It was 1975, and cop shows were all the rage. The only way a crime show might be able to distance itself from the crowd was to introduce the audience to a group of cops that were not quite so known and show off special-unit kinds of skills and equipment. The solution in 1975 was the L.A. SWAT team. Most folks didn’t know what SWAT was. It stands for Special Weapons And Tactics. They are the guys who have the cool armored trucks and go where the serious action can be found. Hostage situations and severe firepower that overwhelms the typical cops on the beat are no match for these elite forces. So Steve Forrest and Robert Urich took our televisions by storm. The amazing thing is that the series was a mid-season replacement in its first year and only really lasted one complete season. It was 37 episodes and out. But the theme by Barry De Vorzon became a top-40 hit on the radio, and while the ratings never really caught fire, something about the whole experience remained in the pop culture all of this time. An A-list film in 2003 that starred Samuel L. Jackson, Colin Farrell, Jeremy Renner, Michelle Rodriguez, and LL Cool J did well enough at the box office to spawn a few direct-to-video sequels in name only. And it all went away once again.
Jump to 2017, and it appears little has changed. Cop and crime shows are all the rage, and the only way to stand out is to introduce the audience to a new kind of unit or team. That’s how we got the NCIS, Criminal Minds and CSI franchises, to be sure. So why not pull out a few old tricks. That appears to be television gold these days with remakes of Hawaii Five-0, MacGyver, Magnum P.I., Charmed, and The Equalizer all having significant runs in the primetime schedule. Why not bring out SWAT? That’s exactly what happened, and here we are four years later with the fourth season hitting the video shelves on DVD.
The new version of the series is led by Criminal Minds’ star Shemar Moore as Hondo Harrelson, the squad leader of our SWAT team. It’s the part played by Steve Forrest in 1975. Hondo ends up promoted over the expected new head Deacon Kay, played by Jay Harrington, when their previous leader is involved in a tragic shooting result. There was bad blood, and it remains a challenge for Deacon, but they’ve put that aside to keep the team strong. Deacon was played by Ron Perry in 1975. Alex Russell plays Jim Street, the young buck with a lot to prove but who has been mentored by the team’s previous leader. Street was played by Robert Urich in 1975. The team’s tactical head and equipment driver is Luca, played by Kenny Johnson. If Johnson looks familiar, he should. He was on fourth of the infamous Strike Team on The Shield. It’s no coincidence, either. SWAT was created by Shawn Ryan, who also created The Shield. Johnson plays a different character, but we find the two shows do share a universe, as The Shield’s David Marciano plays Detective Billings in both shows. Yet there are other Shield actors in new roles, including Ryan’s wife Cathy Cahlin Ryan (Vick’s wife), now the team’s psychiatrist, and David Rees Snell (Ronnie) as recurring Detective Burrows. For some reason, Kenny Johnson is not in a ton of episodes throughout the first four seasons. This season he’s supposed to be stuck in Germany by COVID and appears mostly via Zoom. He does return in person for a handful of episodes but remains sparsely used. Luca was played my Mark Shera in 1975.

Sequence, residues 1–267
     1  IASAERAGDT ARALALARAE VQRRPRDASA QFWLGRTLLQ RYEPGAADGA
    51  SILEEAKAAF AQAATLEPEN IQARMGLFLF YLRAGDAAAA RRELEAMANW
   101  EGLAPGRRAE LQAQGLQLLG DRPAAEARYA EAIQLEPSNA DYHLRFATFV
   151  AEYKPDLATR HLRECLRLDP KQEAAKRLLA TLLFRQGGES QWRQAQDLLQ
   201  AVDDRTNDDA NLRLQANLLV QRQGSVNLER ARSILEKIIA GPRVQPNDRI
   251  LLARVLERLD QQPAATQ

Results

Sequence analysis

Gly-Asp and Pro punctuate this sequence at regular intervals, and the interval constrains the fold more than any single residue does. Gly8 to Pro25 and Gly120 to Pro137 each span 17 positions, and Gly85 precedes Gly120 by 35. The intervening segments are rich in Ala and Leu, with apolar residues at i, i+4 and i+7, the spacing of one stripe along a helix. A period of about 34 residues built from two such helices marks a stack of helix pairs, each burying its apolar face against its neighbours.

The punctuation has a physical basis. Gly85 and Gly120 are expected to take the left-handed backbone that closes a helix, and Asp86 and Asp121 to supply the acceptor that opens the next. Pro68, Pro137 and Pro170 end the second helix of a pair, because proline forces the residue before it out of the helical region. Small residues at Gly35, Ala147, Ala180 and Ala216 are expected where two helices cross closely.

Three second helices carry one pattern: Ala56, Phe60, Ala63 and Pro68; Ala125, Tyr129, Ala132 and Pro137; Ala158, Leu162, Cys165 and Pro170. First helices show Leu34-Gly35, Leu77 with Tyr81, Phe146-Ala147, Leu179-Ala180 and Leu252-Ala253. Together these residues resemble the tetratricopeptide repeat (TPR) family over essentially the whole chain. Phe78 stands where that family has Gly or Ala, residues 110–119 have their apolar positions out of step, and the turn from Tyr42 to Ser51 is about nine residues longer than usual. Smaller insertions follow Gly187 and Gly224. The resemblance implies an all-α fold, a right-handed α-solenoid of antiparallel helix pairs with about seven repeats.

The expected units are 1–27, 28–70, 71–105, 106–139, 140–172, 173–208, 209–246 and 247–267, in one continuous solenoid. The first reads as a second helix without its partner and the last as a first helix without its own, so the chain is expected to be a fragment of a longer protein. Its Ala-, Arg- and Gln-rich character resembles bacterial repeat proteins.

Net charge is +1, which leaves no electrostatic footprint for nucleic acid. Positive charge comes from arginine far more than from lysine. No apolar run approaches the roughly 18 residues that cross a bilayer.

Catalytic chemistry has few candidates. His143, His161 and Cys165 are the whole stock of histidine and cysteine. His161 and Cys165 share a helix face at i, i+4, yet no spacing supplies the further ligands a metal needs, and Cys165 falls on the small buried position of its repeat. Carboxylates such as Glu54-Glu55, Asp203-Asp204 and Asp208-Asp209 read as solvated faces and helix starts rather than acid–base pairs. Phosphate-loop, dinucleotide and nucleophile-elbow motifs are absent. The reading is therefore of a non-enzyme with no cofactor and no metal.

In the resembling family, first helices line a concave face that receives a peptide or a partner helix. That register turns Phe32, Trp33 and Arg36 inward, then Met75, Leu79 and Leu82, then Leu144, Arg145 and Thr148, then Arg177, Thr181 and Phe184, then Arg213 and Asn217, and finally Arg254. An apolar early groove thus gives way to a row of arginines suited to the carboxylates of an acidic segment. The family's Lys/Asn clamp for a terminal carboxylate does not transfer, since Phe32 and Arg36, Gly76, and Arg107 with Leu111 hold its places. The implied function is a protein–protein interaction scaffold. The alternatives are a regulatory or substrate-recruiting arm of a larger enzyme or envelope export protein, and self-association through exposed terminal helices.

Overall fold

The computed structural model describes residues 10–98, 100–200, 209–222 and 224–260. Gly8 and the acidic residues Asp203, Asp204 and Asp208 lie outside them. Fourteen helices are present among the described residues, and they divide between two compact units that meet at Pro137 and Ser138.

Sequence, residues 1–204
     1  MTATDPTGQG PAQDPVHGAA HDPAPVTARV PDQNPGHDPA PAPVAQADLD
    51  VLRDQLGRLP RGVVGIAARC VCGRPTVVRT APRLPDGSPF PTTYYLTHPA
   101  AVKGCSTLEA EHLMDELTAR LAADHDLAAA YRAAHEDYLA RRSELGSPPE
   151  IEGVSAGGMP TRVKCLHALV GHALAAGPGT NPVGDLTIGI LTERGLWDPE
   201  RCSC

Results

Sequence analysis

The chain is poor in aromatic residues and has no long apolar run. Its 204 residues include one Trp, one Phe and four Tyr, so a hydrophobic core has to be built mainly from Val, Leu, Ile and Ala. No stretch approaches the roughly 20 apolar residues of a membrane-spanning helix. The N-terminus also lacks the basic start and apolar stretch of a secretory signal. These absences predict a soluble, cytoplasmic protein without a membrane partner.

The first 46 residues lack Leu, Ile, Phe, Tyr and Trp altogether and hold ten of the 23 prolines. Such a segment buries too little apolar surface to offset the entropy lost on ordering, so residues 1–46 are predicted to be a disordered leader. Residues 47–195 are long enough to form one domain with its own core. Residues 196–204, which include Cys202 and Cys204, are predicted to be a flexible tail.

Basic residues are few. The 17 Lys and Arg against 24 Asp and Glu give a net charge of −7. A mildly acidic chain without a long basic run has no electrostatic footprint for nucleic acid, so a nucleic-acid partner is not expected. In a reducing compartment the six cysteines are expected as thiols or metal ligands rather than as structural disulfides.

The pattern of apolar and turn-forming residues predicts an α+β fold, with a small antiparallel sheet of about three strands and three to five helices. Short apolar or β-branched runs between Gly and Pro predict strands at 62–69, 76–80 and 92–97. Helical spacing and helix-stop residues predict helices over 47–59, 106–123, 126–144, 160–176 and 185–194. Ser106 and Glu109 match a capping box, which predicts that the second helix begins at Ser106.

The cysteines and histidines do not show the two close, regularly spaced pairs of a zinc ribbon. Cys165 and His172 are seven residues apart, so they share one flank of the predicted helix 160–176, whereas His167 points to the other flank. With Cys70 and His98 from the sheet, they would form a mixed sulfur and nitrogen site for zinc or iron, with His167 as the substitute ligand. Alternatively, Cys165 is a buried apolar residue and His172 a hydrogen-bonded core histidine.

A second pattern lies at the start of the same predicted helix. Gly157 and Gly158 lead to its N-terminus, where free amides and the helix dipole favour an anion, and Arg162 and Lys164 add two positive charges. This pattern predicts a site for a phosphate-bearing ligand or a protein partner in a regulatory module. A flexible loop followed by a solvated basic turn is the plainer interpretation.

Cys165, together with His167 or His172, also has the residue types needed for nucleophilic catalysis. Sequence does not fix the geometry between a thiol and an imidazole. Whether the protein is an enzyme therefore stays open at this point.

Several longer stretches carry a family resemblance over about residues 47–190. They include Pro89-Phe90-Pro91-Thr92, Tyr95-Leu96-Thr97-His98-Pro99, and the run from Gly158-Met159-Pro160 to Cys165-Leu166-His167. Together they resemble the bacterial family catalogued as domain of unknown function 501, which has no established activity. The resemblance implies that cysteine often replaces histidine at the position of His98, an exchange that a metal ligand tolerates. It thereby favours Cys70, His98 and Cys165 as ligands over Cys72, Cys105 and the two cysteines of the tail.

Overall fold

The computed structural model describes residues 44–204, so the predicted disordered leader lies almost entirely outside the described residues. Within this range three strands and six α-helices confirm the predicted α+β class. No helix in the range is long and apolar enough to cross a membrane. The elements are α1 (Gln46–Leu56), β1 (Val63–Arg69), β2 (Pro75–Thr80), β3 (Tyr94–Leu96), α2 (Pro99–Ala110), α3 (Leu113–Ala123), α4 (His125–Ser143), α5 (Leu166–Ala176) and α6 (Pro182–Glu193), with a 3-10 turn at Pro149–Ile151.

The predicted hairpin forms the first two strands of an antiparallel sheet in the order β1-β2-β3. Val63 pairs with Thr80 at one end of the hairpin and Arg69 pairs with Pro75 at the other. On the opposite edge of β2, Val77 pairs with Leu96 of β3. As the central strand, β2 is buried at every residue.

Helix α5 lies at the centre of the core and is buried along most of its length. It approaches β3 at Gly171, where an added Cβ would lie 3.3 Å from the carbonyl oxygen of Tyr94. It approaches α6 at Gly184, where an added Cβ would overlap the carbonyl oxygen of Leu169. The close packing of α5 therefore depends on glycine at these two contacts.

To round out the team, we have Lina Esco as Alonso, the female member of the team who has to work harder to show her stuff because of the ol’ boy’s network. She’s also the team’s best sharpshooter. This is a new character not in the original show. David Lin is Victor Tan, another new character. He’s the tech expert on the team. Patrick St. Esprit plays Robert Hicks, the unit’s captain.
This is a rather tightly written show that always sports a quick pace but is never manic. The action rises to the occasion each episode, and you will get plenty of firefights and explosions. The team doesn’t really just handle those special cases. They go after terrorism and high profile crimes. There’s more investigation in this show than there was in 1975. The show also contends with some pretty big issues this season. Hondo deals with the racial issues involved in policing, and there is COVID to deal with now. Interrogations are conducted with glass shields, and those fancy facial recognition tricks are a little harder to pull off with the population wearing masks.
One of the best stories and relationships comes from Hondo dealing with a gangbanger in prison who was once his running mate and best friend as a kid. The always exceptional Michael Beach plays Leroy. Now Leroy’s got a chance to get out of prison and is disappointed that Hondo decides not to speak for him at his parole hearing. Hondo has been trying to raise Leroy’s troubled son, Daryl (Frost) and keep him from ending up like Leroy. He doesn’t think that will happen if Leroy gets out. Of course, he does, and there’s some wonderful tension here that is the best material of the show. Throw in Hondo’s estranged father, now ill and living with him, and these four truly dominate the season’s stories. This stuff is so much better than the typical cops and robbers. The chemistry between these guys is compelling and are all my favorite episodes.
There are 18 episodes on five discs. Extras include deleted scenes, an action feature, blooper reel and a couple of commentary tracks. It’s very little like the 1975 show but stands on its own pretty well. “Don’t tell me those guys are back again … really?”